How to choose a name for your small business

Editorial Team

4 min read
Man with pen, notepad, and laptop

Offering great products and services at affordable prices is how you generate sales. Customer engagement is how you keep people coming back for more. As much as the product, customer service, and experience you offer is important, it’s your business’s name, along with all the marketing behind it, that ultimately generates interest and helps get customers in the door.

This article explains how to come up with a business name that resonates with your target audience and helps to drive traffic.

Business naming conventions

Although there is no official formula for choosing a name for your business, below are some best practices to guide you.

1. Think about why your business exists

Take some time to brainstorm what problems your business solves – and what types of people might be facing those problems. Whatever name you choose should reflect what your business does.

2. Connect the name to the story

Your business has a story to tell – i.e., some unique twist that makes your store different from every other competitor. This uniqueness should also be reflected in your name. Use your brand name to signal what type of consumers you hope to attract, whether your target audience is budget shoppers looking for a great deal or health-conscious pet owners willing to pay a premium for organic food.

3. Keep it simple yet descriptive

Many people have short attention spans, so avoid choosing a clever name that requires too much thinking.

4. Choose a name that is easy to pronounce

Because word-of-mouth marketing is essential for long-term growth, it’s imperative to choose a business name that anyone can easily pronounce and share. Since many of your future customers might find you via an internet search, it’s also important your business name is easy to spell and type.

5. Pick a name that isn’t already taken

Every state has laws preventing two or more companies in the same niche from using the same or similar names. If there’s already a hardware shop in your state called “Zenith Supplies,” you won’t be able to use any variation of this name for your store.

How do you know whether a business name is already taken? Keep reading to learn the answer.

Marketplace considerations when picking a business name

The whole point of choosing a name is to distinguish your offerings in a crowded marketplace. Even if having a unique name weren’t a legalrequirement, you’d still want to stand out.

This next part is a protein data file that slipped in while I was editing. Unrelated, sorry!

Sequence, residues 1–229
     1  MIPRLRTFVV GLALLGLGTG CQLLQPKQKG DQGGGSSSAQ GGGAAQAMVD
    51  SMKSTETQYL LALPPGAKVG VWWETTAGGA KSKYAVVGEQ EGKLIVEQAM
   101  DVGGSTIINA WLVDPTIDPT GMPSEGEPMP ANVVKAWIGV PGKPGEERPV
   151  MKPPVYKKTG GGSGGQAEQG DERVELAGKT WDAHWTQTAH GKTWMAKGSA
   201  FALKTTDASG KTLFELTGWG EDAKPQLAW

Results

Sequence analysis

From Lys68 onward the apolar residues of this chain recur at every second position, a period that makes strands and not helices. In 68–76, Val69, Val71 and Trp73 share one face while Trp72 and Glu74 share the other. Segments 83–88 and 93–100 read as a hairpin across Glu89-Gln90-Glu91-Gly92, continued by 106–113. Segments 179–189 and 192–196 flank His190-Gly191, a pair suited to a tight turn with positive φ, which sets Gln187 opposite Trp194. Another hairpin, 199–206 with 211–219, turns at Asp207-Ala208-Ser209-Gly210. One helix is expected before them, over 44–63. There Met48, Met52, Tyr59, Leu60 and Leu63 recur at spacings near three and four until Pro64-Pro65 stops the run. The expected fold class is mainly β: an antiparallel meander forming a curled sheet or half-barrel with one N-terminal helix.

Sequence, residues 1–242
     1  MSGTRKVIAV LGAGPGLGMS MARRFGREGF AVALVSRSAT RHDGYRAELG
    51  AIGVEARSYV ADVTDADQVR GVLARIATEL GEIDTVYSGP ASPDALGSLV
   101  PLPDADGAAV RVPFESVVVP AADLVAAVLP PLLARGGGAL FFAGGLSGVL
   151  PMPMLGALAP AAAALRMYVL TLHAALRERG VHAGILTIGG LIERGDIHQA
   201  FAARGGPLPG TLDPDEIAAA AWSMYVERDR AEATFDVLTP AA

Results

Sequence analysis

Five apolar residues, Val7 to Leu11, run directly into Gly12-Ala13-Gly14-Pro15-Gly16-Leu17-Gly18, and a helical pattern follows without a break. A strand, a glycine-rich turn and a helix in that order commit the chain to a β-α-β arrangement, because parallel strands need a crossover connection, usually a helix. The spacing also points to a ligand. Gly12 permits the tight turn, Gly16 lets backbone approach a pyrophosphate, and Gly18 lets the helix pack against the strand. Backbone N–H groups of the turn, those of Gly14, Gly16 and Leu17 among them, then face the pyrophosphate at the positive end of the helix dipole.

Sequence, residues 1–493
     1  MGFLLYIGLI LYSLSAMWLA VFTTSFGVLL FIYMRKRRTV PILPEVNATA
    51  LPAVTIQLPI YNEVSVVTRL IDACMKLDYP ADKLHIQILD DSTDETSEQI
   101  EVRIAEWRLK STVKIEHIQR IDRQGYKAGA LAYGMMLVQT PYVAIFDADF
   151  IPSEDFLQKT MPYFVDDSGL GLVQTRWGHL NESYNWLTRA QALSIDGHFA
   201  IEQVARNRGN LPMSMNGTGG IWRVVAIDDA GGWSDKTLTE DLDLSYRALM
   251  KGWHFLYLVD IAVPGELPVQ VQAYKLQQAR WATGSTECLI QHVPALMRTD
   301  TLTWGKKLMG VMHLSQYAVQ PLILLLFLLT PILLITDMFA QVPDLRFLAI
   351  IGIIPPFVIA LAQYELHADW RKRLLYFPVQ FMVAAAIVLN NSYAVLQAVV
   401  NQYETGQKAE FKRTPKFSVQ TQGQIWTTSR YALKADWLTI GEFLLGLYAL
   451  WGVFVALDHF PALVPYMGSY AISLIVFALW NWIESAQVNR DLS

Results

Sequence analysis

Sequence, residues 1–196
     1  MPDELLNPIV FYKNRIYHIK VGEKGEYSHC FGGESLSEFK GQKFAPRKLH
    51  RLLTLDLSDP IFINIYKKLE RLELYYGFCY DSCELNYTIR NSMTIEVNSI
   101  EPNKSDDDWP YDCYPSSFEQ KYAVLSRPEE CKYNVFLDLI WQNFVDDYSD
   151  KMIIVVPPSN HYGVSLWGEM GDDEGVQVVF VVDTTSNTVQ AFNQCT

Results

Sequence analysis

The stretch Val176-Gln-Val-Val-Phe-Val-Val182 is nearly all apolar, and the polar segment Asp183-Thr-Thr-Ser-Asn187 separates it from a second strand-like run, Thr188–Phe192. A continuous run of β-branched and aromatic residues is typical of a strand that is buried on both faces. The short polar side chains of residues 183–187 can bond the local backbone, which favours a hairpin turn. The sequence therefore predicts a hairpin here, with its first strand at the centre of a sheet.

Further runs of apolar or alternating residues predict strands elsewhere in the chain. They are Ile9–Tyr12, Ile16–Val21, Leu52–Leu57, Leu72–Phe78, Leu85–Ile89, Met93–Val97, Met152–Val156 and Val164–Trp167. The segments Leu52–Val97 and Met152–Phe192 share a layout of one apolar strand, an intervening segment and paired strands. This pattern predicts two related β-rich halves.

Fortunately, there are free online resources to help you quickly check business name availability within each state. The U.S. Patent Office also has a searchable trademark database.

It is recommended not to buy a domain name or set up any social media accounts until you’ve verified whether your desired name is available. Otherwise, you might spend more time undoing your work if your preferred name is already taken.

Why your business name is important

First impressions matter a lot. Choose the right name, and your target audience should instantly understand what you do, why you exist, and the value you deliver. Pick the wrong name, and your ideal clients may bypass your physical or virtual storefront without ever taking notice.

The importance of your business name isn’t limited to garnering interest from casual browsers. It also influences the reach your business enjoys through word-of-mouth marketing, social media engagement, and general press coverage.

Practical aspects of choosing a business name

Assuming you’ve covered all the bases by picking an available and pronounceable name that describes what you do, reflects your brand, and resonates with your core audience, you’re ready to make it official.

This means registering your business name in your home state. We’ve written a dedicated article on how to do that. It’s also common for businesses to use shorter, catchier names for marketing and longer ones for legal purposes. If you plan on doing something similar, read our post on filing a “doing business as” name.

You’ll also need to apply for an employer identification number (EIN) at this stage – using the IRS online application form. In addition to paying taxes, you’ll need this EIN for everything from opening a business banking account to securing a merchant account to accepting payments on your POS system.

Hopefully you have a better understanding of how to come up with a business name. The sooner you officially lock one down, the sooner you can launch your business and start attracting customers.

When you’re finally ready to make that first sale, let us know. At Clover, we specialize in scalable point-of-sale and payment solutions specifically designed for entrepreneurs and startups looking to grow their operations.

To learn more about our approach to fast and convenient business management and payment processing services, contact a Clover Business Consultant today.

This information is provided for informational purposes only and should not be construed as legal, financial, or tax advice. Readers should contact their attorneys, financial advisors, or tax professionals to obtain advice with respect to any particular matter.

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